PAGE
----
A parliamentary committee wants the government to establish an insurance scheme to compensate victims of wildlife.
The National Assembly’s Environment and Natural Resources committee said the scheme will help the government settle the huge compensation claims arising from death, property and crop damage.“Alongside an insurance scheme, there is need to create an endowment fund where the government and donor agencies can put in money to serve as a revolving fund for wildlife compensation,” Chachu Ganya, who chaired the committee, said.
The committee made submissions to the Task Force on Mitigation of Human Wildlife Conflict chaired by Tourism and Wildlife Chief Administrative Secretary Joseph Boinnet.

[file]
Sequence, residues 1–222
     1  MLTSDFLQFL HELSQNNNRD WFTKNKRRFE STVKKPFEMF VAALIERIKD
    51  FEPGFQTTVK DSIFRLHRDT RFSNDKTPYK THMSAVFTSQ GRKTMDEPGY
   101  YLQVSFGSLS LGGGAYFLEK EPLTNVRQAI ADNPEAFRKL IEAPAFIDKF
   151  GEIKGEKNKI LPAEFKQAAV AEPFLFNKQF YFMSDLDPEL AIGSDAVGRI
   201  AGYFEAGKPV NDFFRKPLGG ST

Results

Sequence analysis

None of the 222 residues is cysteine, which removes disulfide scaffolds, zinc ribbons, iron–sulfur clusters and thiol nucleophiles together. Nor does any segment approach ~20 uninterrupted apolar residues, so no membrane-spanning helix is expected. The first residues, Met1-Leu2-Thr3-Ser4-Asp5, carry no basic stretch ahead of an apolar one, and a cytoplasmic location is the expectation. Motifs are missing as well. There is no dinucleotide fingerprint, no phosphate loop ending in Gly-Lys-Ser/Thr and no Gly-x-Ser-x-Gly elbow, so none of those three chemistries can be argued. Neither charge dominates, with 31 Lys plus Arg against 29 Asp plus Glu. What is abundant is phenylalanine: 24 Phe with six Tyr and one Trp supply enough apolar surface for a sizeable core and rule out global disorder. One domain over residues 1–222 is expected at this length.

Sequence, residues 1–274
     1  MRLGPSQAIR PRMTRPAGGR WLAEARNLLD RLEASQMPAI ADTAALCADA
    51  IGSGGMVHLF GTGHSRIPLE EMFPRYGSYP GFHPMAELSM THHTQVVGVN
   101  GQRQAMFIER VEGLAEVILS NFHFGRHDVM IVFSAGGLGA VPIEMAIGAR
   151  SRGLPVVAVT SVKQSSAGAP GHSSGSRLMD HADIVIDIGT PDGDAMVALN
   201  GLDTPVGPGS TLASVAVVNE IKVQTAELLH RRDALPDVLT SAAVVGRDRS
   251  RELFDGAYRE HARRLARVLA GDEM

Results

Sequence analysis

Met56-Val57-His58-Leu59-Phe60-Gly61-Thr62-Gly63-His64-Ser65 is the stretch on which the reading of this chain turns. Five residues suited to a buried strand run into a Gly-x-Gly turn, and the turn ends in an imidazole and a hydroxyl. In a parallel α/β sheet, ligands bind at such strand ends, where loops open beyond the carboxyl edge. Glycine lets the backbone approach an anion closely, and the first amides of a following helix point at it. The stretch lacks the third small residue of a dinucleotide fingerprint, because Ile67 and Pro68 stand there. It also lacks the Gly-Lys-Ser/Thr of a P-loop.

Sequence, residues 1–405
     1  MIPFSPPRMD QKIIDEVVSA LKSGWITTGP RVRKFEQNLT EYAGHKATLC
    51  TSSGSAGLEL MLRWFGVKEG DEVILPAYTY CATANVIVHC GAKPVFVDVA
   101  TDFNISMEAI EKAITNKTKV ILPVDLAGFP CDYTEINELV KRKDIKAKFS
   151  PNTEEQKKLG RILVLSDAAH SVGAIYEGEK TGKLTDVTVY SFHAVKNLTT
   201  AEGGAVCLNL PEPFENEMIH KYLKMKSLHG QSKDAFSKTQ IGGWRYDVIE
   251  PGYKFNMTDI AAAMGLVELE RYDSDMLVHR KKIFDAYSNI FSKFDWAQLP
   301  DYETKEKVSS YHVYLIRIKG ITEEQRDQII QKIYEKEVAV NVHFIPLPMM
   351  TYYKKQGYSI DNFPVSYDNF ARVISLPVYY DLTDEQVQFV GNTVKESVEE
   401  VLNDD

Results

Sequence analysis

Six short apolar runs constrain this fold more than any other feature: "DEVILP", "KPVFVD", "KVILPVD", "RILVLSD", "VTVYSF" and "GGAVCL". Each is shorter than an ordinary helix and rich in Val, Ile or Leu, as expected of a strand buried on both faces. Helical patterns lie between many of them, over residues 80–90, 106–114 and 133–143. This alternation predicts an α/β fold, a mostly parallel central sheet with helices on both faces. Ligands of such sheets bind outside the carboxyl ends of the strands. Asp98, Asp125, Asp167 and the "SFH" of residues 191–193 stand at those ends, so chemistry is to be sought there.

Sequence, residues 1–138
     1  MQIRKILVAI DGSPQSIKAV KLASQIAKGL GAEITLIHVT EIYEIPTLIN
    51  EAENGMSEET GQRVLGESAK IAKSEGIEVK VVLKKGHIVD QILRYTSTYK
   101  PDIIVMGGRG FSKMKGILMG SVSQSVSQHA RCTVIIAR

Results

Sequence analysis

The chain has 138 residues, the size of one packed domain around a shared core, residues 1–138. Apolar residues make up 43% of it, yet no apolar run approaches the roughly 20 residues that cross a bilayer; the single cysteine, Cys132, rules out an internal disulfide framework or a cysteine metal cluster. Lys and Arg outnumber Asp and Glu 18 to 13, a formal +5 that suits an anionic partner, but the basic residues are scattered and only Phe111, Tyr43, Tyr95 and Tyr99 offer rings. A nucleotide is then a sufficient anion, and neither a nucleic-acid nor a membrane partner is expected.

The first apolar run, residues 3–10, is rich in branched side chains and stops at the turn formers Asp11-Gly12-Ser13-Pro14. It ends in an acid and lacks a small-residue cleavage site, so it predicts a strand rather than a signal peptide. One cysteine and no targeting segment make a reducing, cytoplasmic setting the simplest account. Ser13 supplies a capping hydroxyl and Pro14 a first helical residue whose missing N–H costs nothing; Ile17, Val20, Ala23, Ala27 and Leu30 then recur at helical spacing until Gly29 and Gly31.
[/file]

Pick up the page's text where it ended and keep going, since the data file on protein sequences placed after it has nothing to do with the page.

Parliament set aside Sh1.5 billion in the current financial year as compensation to victims of human-wildlife conflict.
The allocation accounts for 30 percent of the Sh5 billion bill that victims have lodged as claims arising from deaths, injuries, crop destruction, predation and property damage.
The Ministerial Wildlife Conservation and Compensation Committee (MWCCC) has examined the claims covering 2014 to 2017 as submitted by the Community Conservation and Compensation Committee (CWCCC) with estimated claims of Sh5 billion. The task force appeared before the committee to seek MPs views on how to mitigate effects of human wildlife conflict. The team is collecting views from the public on the existing compensation schemes in order to develop an implementation strategy.